Members of the Merrill Fire Department recently received an expensive and unexpected gift from administrators of Weinbrenner Shoe Company.
“I received a call from Weinbrenner last week asking if they could stop by,” explains fire chief Dave Savone.
“When they arrived, they had two full ‘turnout’ gear suits and asked if we would accept them. They were not only brand new, but also meet NFPA standards. Of course I said yes!” he adds with a chuckle.
“It was really a surprise. We had no idea they had this in mind but we are very appreciative.”
Savone, joined by several members of the department, officially received the two suits on Tuesday morning from company president Pat Miner and Jeff Burns, Senior Vice-President of Sales and Marketing.
“Weinbrenner was exploring the idea of producing turn out gear to add to their already existing line of public safety footwear,” Savone further explained.
“In doing so, they were given a pair of brand new suits to look over. They eventually decided against the idea and chose to give them to us rather than return or discard them.”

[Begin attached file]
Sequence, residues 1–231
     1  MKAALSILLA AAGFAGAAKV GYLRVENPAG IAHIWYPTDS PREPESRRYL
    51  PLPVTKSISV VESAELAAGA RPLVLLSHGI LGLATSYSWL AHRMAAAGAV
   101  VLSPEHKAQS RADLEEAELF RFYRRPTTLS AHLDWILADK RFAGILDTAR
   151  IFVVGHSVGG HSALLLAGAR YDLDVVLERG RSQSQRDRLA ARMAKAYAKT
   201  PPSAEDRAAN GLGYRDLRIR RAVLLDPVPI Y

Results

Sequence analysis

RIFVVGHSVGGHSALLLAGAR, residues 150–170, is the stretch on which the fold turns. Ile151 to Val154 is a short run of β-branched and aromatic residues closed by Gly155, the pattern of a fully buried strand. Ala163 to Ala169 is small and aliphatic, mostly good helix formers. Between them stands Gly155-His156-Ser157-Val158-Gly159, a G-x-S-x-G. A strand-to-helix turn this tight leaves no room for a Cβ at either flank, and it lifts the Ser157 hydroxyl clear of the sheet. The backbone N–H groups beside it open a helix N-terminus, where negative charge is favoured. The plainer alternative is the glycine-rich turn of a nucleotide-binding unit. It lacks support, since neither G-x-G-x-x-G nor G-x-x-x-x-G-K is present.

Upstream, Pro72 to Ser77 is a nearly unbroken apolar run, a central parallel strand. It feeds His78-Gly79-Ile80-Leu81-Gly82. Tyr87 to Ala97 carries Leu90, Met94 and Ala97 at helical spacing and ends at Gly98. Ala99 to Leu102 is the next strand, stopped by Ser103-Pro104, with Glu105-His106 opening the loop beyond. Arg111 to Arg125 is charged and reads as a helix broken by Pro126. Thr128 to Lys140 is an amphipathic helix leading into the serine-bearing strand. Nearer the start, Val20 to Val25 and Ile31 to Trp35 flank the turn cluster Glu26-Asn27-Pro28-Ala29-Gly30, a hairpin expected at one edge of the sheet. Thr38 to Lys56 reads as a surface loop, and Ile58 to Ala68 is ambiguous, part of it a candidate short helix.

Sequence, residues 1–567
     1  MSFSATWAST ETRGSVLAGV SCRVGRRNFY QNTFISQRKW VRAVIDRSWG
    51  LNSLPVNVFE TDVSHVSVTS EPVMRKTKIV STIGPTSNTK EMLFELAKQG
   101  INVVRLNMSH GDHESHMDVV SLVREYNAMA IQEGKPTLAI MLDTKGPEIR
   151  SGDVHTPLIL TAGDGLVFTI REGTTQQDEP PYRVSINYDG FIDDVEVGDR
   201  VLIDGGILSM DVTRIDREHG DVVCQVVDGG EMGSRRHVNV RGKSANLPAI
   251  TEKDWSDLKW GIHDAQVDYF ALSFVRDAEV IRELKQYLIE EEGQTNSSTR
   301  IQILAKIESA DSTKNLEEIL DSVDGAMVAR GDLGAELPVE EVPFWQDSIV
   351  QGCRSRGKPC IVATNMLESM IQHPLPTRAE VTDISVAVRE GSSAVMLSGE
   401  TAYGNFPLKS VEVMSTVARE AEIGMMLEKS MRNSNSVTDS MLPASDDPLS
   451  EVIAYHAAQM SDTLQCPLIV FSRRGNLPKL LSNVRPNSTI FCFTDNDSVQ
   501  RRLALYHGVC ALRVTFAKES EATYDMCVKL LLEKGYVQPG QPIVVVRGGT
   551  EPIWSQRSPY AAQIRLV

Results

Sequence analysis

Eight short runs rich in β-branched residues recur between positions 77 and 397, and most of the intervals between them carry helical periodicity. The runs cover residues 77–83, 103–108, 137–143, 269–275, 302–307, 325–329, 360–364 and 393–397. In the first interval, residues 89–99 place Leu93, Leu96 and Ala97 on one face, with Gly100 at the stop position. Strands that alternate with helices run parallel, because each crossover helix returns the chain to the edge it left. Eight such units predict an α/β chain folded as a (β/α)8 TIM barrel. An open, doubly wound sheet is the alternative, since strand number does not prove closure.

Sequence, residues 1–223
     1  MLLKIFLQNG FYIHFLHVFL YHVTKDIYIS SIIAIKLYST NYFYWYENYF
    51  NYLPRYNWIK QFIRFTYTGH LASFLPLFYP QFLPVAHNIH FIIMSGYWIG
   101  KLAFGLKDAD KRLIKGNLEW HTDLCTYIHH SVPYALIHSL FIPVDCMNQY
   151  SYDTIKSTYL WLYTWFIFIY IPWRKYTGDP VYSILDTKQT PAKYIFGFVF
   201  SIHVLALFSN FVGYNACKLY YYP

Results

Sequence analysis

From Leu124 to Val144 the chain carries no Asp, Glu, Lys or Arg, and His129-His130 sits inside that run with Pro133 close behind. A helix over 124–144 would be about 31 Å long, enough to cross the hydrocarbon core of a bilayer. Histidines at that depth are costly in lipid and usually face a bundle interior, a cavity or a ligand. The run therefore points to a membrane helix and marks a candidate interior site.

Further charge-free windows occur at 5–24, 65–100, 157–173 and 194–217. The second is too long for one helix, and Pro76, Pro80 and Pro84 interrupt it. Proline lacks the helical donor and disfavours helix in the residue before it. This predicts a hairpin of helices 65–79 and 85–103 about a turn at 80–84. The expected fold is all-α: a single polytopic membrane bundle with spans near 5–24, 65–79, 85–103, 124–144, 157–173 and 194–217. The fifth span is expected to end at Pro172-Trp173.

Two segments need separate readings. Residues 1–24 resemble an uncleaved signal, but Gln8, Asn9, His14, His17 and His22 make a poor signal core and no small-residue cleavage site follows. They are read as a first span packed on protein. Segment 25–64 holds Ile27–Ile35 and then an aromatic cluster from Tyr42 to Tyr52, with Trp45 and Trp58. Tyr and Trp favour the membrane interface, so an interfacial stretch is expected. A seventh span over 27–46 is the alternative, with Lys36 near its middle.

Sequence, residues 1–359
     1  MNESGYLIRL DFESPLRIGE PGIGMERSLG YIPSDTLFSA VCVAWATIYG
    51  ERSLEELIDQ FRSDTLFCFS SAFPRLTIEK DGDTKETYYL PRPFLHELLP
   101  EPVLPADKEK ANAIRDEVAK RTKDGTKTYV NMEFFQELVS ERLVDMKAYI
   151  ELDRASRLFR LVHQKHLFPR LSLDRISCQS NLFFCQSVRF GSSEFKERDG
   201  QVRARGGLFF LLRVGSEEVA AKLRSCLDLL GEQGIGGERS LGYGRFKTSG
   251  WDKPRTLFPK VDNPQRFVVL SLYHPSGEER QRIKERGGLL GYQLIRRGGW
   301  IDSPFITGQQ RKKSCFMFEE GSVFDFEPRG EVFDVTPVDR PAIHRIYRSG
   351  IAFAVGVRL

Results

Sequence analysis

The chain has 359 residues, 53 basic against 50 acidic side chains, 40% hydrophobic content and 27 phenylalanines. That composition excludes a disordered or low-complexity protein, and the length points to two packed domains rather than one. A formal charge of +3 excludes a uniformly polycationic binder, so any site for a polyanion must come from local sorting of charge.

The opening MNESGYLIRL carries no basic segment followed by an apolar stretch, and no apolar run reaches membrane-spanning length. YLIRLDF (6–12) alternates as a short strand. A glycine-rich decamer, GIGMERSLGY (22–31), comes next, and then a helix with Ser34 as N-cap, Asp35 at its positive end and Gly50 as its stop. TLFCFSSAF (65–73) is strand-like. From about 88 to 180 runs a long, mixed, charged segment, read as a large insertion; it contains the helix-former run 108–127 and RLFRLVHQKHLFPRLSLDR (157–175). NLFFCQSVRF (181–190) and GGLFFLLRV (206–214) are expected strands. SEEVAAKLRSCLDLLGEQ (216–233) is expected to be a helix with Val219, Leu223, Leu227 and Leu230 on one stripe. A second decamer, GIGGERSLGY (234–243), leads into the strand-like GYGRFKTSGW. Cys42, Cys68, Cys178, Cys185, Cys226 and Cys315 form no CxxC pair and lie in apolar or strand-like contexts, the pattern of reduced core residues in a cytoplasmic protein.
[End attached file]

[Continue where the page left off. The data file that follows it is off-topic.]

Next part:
‘Turn out gear’ as Savone defined, is the term used to describe the boots, trousers and jackets which protect department staff when carrying out their duties.
Although the gear may appear rather simple and drab to the naked eye, the gear are actually complex individual systems designed to protect the firefighter in a variety of ways.
“The gear protects the firefighter with a three-layer system or shell,” Savone explains.
“Those layers consist of the ‘rough and tumble’ exterior, the thermal layer which keeps heat saturation away from the firefighter, and the third and most inner layer in the system is the moisture layer; which wicks moisture away from the firefighter so that he does not get ‘steamed’
According to Miner, the gesture is the company’s way of expressing appreciation and gratitude for the service MFD provides to Merrill and the surrounding areas.
“Weinbrenner has been a part of this community since 1936,” Miner stated.
“We value and appreciate the service our local public safety agencies provide to our community and are well aware of how tight local budgets are these days. If we can assist public safety in obtaining the gear they need, while remaining within those budgets, we are more than happy to do our part.”
According to Savone, the gear was taken ‘home’ following the presentation and will be assigned to department staff next week.
Each suit has an approximate 10-year life span and has an estimated value of $2,500.